Prevent early childhood caries with these simple tips

Deciduous teeth, also known as baby teeth, are often overlooked because of the perception that they are temporary. But do you know that 40% of preschoolers in Singapore suffer from early childhood caries (ECC)? It’s a form of tooth decay in infants and very young children, and is caused by bacterial infection. Here’s what you need to know.

FACT 1. You can transmit ECC to your child

Dental decay can spread from person to person. Parents and caregivers can pass cavity-causing bacteria to children through saliva, so avoid sharing food and utensils such as spoons or straws, and do not kiss a child if you have tooth decay.

FACT 2. Decay can affect an infant’s growth

Bad habits such as drinking milk or sweetened drinks from the bottle, frequent sugary snacks between meals and poor oral hygiene significantly increase the risk of decay. Tooth decay causes pain, appetite loss and inability to sleep. Visibly decayed teeth may also affect their social development and self-esteem.

FACT 3. Thumb sucking is bad for your baby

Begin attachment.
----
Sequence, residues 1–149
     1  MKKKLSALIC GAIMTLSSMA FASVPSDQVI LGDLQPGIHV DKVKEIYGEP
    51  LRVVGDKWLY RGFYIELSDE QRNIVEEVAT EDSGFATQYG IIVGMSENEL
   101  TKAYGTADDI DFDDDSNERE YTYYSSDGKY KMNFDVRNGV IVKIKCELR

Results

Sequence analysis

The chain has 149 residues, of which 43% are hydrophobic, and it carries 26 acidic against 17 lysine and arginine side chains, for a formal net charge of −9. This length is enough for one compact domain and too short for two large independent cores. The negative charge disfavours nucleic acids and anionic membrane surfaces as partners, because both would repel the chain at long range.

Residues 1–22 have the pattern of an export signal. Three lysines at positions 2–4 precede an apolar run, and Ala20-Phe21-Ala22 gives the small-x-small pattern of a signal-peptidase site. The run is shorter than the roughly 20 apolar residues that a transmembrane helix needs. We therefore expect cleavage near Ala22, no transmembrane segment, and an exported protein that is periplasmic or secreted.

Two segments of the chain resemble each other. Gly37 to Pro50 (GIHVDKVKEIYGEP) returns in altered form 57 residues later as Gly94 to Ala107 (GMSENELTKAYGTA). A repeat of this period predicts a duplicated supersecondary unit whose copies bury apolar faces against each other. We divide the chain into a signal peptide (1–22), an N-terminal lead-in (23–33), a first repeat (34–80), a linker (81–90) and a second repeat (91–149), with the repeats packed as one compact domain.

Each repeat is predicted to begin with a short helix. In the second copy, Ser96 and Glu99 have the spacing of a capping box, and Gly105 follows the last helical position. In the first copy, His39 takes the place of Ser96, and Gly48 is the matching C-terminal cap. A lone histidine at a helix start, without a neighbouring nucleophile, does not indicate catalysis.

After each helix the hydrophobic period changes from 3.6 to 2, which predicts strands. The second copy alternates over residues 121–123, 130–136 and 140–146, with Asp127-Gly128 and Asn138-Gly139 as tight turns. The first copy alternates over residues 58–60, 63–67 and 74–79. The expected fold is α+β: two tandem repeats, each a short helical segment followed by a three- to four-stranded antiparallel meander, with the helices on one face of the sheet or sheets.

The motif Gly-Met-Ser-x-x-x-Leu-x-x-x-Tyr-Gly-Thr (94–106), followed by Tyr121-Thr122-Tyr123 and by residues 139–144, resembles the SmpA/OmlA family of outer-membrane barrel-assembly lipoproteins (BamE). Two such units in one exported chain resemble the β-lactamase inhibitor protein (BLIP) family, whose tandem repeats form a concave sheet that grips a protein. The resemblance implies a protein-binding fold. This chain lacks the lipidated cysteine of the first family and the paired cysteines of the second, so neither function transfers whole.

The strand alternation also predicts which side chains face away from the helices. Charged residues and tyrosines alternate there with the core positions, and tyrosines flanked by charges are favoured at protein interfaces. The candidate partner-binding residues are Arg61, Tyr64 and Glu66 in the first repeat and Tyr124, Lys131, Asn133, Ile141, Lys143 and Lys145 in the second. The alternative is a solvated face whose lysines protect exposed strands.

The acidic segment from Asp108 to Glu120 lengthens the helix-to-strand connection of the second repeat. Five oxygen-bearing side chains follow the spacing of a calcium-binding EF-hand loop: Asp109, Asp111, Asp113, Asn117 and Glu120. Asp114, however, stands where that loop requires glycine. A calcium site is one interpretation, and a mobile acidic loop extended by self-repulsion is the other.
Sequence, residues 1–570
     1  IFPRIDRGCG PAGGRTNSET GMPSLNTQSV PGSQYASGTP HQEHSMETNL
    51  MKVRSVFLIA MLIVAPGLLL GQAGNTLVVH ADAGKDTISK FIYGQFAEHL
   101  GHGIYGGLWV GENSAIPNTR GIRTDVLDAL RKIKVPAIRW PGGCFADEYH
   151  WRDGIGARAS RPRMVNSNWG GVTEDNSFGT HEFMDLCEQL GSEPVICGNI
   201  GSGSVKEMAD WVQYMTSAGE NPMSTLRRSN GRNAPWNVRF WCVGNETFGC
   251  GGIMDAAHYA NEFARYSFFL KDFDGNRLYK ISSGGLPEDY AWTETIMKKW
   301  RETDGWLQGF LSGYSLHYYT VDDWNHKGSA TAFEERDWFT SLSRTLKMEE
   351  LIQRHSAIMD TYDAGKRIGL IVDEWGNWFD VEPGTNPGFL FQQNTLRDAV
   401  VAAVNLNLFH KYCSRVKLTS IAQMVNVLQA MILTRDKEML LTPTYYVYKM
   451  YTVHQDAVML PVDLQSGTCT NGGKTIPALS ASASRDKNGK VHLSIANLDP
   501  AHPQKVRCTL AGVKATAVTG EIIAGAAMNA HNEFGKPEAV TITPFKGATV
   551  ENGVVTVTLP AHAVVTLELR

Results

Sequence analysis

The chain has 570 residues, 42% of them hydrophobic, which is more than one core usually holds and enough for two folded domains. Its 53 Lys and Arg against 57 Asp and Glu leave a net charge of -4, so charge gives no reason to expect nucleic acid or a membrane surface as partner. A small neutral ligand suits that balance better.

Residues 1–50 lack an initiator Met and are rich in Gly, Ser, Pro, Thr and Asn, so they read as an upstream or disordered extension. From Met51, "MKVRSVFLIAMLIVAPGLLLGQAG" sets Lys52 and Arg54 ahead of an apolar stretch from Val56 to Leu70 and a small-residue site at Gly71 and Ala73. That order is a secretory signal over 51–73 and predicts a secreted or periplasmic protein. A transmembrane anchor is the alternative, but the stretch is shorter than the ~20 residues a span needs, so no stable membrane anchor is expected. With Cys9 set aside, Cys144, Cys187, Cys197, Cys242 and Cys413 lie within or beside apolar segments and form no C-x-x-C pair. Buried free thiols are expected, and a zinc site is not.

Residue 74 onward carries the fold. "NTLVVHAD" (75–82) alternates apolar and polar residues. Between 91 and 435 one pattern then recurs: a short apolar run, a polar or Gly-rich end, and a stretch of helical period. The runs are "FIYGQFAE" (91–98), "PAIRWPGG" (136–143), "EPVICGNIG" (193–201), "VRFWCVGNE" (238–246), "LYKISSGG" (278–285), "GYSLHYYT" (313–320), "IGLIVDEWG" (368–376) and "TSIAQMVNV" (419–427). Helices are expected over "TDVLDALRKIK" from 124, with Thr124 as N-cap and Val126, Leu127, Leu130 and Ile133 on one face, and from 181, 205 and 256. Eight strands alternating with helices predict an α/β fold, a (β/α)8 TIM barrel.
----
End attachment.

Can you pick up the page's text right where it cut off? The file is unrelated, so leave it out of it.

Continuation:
Thumb or pacifier sucking may apply unwanted forces to the teeth and structures around the mouth. Prolonged sucking habits affect the development of the shape of the jaw arch, resulting in a condition called anterior open bite that requires orthodontic treatment. Discuss with your dentist how to wean off this habit before it affects your child.

TIPS TO CARE FOR YOUR BABY’S TEETH

  • Brush it right.

Start cleaning your child’s mouth even before the first tooth appears. Wrap a moistened soft cloth around your index finger and wipe around the gums to remove excess milk or food. As soon as the teeth emerge, clean them twice daily with a soft toothbrush that is of an appropriate size for their age.

  • Birthday dental visit.

Take your infant for a comprehensive dental checkup around the first birthday. This should include an oral examination to assess the risk of developing caries and formulating a prevention plan based on the findings. The dentist will also advise on the child’s dental development and provide instructions for oral care.

  • Make it fun!

A visit to the dentist shouldn’t be something to be dreaded. A positive first experience will go a long way in motivating your child to adopt good oral habits. At Thomson Dental Centre, we engage children with games and toys to make them feel at home and reward well-behaved children with toys and stickers.